As of July 1, 2014, a new marital agreement statute with a primary legislative goal of providing greater protection to unrepresented parties will become effective.  The new statute, entitled the Uniform Premarital and Marital Agreements Act, Colo. Rev. Stat. §§14-2-301 et seq.(“Colorado’s New Act”) is Colorado’s adapted version of the Uniform Premarital and Marital Agreement Act. 

Enforceability Requirements

The following are the most significant requirements under Colorado’s New Act:

  • In writing.  A premarital or marital agreement must be in writing and signed by both parties.
  • Voluntary consent.  Parties must voluntarily consent to the terms of the agreement and not be under duress.
  • Access to Counsel.  Under Colo. Rev. Stat. §§14-2-309 of Colorado’s New Act, a premarital or marital agreement will be unenforceable if a party to the agreement did not have meaningful access to independent legal representation. Before signing the agreement, an unrepresented party must have had time to (i) decide whether to retain counsel to provide independent legal advice and (ii) locate counsel, obtain counsel’s advice and consider the advice provided.  If only one party is represented by counsel, the unrepresented party must either have the financial resources to engage counsel or the other party must agree to pay the reasonable fees for the unrepresented party to have independent legal representation.  Note, the practical effect of this new requirement will mean that the presentation and execution of an agreement under an expedited time frame will not be possible – particularly if one party is unrepresented.  Therefore, although independent representation by counsel for both parties is not specifically required under Colorado’s New Act, best practices still recommend this approach.  If either party is unrepresented by counsel, Colo. Rev. Stat. §14-2-309(1)(c) and (3) of Colorado’s New Act requires specific language which must be prominently included in the agreement.  Failure to include the language will invalidate the agreement. 
  • Financial Disclosure.  Adequate financial disclosure must be made which includes disclosure of income.  Specifically, a party must receive a reasonably accurate description and good-faith estimate of the value of the property, liabilities and income of the other party or have an adequate knowledge or a reasonable basis for having adequate knowledge of such property, liabilities and income.
  • Waivers of Maintenance and Attorney Fees.  Colo. Rev. Stat. §14-2-309(5) of Colorado’s New Act includes limitations on the ability of parties to prospectively determine, modify, limit or waive maintenance and the payment of attorney’s fees in the event of divorce.  While such terms may be included in an agreement, determinations as to whether such modifications or waivers are unconscionable will be determined by the court as a matter of law at the time enforcement is sought.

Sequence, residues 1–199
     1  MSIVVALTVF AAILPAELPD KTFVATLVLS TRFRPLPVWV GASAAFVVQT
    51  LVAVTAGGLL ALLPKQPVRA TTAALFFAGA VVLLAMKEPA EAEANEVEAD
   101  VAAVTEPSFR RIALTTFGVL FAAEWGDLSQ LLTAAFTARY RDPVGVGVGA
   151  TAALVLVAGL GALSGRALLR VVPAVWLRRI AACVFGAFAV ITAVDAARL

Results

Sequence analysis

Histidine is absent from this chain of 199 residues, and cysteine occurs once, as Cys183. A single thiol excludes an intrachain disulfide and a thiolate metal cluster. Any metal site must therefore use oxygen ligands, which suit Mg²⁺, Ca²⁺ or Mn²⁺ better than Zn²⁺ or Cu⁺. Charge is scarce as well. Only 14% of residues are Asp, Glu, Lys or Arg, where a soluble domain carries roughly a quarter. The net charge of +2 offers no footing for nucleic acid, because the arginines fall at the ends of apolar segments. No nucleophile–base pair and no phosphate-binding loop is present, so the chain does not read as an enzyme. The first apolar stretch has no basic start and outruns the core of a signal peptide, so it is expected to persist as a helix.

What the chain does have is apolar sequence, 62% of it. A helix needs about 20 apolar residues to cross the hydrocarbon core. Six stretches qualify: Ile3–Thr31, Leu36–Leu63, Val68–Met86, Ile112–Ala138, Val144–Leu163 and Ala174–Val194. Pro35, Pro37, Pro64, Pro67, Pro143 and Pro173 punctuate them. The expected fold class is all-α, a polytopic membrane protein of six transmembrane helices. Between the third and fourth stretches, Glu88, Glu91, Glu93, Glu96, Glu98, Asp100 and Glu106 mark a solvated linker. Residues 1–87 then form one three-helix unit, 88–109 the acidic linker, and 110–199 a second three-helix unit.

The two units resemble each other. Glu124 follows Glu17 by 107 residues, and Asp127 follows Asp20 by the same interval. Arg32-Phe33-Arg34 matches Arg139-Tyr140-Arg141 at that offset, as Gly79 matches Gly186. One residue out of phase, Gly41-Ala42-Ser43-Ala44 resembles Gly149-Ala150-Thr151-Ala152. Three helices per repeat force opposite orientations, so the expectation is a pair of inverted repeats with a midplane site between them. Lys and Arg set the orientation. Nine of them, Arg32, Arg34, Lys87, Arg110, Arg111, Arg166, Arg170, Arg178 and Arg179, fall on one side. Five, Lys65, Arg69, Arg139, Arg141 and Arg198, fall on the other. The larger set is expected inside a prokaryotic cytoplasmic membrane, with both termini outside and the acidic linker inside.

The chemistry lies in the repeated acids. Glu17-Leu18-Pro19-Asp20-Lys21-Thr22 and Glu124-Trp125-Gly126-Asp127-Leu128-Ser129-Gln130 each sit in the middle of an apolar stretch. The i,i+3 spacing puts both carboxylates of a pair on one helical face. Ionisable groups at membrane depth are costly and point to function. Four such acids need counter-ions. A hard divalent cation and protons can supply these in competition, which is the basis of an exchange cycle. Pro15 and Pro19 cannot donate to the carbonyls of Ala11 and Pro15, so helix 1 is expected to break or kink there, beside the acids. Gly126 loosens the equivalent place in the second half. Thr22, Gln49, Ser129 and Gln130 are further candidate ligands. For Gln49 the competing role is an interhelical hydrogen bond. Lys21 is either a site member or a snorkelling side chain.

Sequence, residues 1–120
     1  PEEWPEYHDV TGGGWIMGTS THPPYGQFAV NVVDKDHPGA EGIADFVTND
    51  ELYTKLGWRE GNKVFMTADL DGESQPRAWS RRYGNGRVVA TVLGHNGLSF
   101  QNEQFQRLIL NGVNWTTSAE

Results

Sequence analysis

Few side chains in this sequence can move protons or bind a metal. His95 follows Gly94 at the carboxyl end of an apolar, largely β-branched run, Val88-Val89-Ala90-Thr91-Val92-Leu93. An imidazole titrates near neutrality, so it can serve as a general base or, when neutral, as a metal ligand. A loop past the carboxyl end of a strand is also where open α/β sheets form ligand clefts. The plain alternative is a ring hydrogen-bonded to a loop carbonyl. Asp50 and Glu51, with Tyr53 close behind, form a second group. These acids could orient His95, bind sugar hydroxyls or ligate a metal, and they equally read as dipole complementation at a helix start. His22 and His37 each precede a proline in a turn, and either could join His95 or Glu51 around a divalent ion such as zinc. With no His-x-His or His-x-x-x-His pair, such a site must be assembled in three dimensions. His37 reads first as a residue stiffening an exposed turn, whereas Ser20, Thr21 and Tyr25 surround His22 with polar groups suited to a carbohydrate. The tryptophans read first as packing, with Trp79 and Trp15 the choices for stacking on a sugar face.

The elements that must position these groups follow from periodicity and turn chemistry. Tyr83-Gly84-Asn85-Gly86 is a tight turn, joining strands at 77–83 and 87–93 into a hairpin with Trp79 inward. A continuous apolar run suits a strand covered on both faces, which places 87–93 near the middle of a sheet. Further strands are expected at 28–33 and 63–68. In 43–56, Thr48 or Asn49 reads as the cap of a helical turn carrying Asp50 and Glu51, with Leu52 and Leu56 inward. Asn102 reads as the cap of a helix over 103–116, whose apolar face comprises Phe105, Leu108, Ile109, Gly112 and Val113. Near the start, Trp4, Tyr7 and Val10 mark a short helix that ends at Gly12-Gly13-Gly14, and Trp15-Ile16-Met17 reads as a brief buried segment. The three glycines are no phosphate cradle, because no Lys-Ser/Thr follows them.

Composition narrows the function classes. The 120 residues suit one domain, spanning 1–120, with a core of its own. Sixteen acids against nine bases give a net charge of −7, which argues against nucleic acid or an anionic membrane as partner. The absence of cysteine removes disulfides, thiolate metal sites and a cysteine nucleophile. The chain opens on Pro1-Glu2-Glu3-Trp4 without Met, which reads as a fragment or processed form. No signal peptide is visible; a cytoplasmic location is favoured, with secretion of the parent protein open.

• Waiver of Marital Rights at Death.  Of additional note, beginning July 1, 2014, a unilateral waiver of a marital right or obligation on the death of a spouse is unenforceable unless the waiver is made in a premarital or marital agreement consistent with Colorado’s New Act. 

Unenforceable Terms

Colorado’s New Act also specifically delineates unenforceable terms in a premarital or marital agreement.  Examples of unenforceable terms include, but are not limited to, terms that (i) adversely affect a child’s right to support, (ii) limit remedies available to victims of domestic violence or (iii) penalize a party for initiating a legal proceeding for legal separation or divorce.

Applicability to Prior Agreements

Colorado’s New Act does not affect premarital or marital agreements executed prior to July 1, 2014 and such agreements will continue to be enforceable subject to the laws in place at the time of execution.   However, amendments from and after July 1, 2014 to previously executed premarital or marital agreements must comply with Colorado’s New Act.  Consistent with existing law, Colorado’s New Act is also applicable to parties to a civil union.

Conclusion

The use of premarital and marital agreements continues to grow for all types of couples as these agreements can be as broad or as narrow as desired by the parties.  For younger couples, such agreements can be the best way to ensure that current and future interests in gifts, inheritances and interests in trusts are protected and remain separate.  For couples who are marrying later in life or with children from a prior relationship, agreements with a broader scope can ensure that previously created wealth is protected for children, grandchildren and charitable endeavors.  Colorado’s New Act enables couples to contract prior to or during their marriage or civil union regarding their property rights in the event of the death of either party or in the event of a legal dissolution of the relationship.  In addition to the statutory requirements, practitioners should follow three basic best practice points for a valid premarital or marital agreement:  (i) allow sufficient time to review, consider and negotiate the agreement: (ii) provide financial disclosure including all assets, liabilities and income sources; and (iii) obtain independent counsel for each party.